Ariel Ace of Diamonds

17th November 2018


Special Edition | 1,237cc V4 Unicam | £20k 


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Just 10 of these motorcycles are going to be built. That's the promise from the Ariel Motor Company which has just thrown the wraps off its new Ace of Diamonds model. Powered by a Honda's 1,237cc V4 Unicam engine producing 175hp at 10,000rpm, the torque output is rated at a more-than-adequate 97lb-ft @ 8,750rpm.


Driving through a six-speed manual sequential gearbox, Ariel reckon you'll accelerate from 0-60mph in just 2.9 seconds, which probably feels like a hand grenade detonating. And if you fully wind open the throttle whilst in top on a straight enough stretch of road, you'll have your urges capped at a whopping 165mph top speed.


Impressed? We're not. Yes, we can see the appeal in many quarters of the biking market. But as with many—if not most—fashion statement superbikes these days, this feels like muscle & power for muscle & power's sake.


So what's wrong with that? You tell us. Regardless, this is clearly a sophisticated and finely engineering piece of motorcycling hardware and has already lifted a lot of very happy looking eyebrows.




The trellis frame, we're told, is machined from a solid chunk of aluminium courtesy of the latest CNC equipment. That's not exactly new for Ariel. But this time, the company has apparently taken its self-declared manufacturing obsession one stage further and refined the process by skimming off a few thousands of an inch here, and maybe a few microns there in any effort to shave the errant machining marks and present a more polished product.


Nice if you like that kind of thing, but we prefer to see a few tooling marks here and there if only to remind us that it's a piece of engineering rather than a lump of whatever organically grown in a lab (and there are various processes around the world now that do exactly that). In fact, we'd like it better still if Ariel told us that the frame was hand-beaten by Bill the Blacksmith from the engine block of an old Rover or something. But we're obviously living in the wrong era, and we're doing what we can to get over that.


Meanwhile, other details include a Showa front fork, the swinging arm and shaft drive from Honda's VFR, Nissin brakes, composite fuel tank, belly pan, radiator shrouds and mudguards, an LCD dash, LED lights, an optional pillion perch and a 23.5 degree steering angle—as if any buyers are seriously interested in knowing that. Then again, maybe some buyers really are interested, and they can have that figure altered to address whatever number fits their predisposition. Just keep in mind that unless you've tried a few bikes with differing steering set-ups and varying geometry, you're not going to know which angle best suits.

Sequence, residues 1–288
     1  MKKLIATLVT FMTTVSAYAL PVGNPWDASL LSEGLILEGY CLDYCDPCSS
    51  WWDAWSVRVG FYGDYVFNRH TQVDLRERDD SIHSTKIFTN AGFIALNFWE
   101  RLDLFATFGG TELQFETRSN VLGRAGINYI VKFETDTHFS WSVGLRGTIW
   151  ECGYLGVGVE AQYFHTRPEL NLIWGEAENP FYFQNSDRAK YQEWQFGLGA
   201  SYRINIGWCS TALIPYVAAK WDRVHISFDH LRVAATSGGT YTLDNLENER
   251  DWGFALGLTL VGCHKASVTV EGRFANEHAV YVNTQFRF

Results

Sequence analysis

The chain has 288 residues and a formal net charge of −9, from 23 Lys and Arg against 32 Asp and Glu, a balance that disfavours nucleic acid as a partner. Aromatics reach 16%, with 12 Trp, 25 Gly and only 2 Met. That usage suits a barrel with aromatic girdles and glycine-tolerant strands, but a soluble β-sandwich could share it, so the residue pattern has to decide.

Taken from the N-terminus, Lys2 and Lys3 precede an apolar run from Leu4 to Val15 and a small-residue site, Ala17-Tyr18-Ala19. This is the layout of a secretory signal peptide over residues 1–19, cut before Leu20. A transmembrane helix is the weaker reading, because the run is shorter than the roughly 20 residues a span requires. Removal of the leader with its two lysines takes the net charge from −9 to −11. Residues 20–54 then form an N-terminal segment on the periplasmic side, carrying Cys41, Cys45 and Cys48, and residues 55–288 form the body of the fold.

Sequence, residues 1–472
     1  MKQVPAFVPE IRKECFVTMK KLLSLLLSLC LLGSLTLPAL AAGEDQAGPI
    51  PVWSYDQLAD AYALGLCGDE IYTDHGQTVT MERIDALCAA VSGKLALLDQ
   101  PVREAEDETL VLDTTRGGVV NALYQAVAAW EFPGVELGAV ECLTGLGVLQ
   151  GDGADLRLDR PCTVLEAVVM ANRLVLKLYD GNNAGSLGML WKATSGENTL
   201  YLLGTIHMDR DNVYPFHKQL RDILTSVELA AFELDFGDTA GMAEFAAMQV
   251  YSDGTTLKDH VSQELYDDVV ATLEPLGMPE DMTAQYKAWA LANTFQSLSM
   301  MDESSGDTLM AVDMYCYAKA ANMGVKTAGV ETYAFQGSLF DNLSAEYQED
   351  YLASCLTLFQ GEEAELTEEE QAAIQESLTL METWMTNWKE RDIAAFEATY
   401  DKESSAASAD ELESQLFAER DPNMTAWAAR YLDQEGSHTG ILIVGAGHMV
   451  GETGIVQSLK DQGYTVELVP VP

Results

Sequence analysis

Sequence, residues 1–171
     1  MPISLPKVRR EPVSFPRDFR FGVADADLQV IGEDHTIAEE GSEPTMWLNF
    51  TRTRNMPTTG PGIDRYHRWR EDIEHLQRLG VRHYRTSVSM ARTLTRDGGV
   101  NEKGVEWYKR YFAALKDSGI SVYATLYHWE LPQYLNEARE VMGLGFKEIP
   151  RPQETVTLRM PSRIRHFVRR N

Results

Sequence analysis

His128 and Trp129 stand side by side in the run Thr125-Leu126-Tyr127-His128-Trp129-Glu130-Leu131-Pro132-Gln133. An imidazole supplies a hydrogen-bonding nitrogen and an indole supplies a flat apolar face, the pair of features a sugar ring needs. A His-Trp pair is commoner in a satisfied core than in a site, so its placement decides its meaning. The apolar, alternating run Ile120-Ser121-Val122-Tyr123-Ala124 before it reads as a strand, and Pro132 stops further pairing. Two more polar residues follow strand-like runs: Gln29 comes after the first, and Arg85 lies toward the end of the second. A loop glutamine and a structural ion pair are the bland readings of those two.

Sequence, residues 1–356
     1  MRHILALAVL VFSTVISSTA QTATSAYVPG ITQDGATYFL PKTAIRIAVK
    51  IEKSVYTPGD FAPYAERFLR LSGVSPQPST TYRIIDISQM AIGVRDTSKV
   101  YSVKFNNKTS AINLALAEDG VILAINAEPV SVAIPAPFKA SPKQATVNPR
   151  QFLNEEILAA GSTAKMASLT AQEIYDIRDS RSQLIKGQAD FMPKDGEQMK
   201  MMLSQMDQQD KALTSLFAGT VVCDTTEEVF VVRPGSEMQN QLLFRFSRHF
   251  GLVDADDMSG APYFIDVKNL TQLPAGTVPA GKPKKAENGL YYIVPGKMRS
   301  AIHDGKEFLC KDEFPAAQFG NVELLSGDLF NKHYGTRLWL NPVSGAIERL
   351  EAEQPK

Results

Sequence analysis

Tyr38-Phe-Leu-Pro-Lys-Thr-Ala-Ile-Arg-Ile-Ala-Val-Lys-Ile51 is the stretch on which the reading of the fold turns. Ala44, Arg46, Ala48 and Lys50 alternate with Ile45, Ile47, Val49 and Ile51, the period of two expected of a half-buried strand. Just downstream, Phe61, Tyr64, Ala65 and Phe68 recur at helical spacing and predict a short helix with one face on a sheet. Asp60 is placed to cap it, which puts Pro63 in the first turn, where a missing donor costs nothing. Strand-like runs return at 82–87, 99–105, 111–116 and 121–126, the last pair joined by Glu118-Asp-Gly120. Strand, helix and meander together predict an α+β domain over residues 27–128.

The price for this muscle bike is just shy of £20k. We're also hearing a lot of loose talk about how AMAZING that is for a limited edition machine. But keep in mind that to create such a limit edition run, you don't really need to do more than switch a few components around and stick a numbered plaque on the tank or frame somewhere.


But hey! Have we overdosed on cynicism lately, or what? Well maybe. A little. However, we like to pretend that our remit is to cut through the hype and look at the bigger picture, and in this case we see this bike as a bold, stylish, well-executed but slightly overblown hot rod that has a place on the market, but doesn't appeal to us. And yes it's got a limited production run, but ultimately everything is.


That said, we hope Ariel sells shedloads—except that, being a short run venture, the firm will have to pull the plug at ten. Still, you can always create another limited edition run of ten or twenty or— [Okay, guys. That's enough of that—Ed].


Meanwhile, we'll give the last words to Ariel's Production Head, Tom Siebert who's been quoted as saying: "The Ace of Diamonds is a celebration of both our and our customers’ journey. With the Ace of Diamonds we have put together a package which gives a unique, hand-built motorcycle but at an affordable price."


Amen to that. Buy British whenever you can. Expect these sometime around March 2019.



Ariel Ace launched: Sump Magazine June 2014




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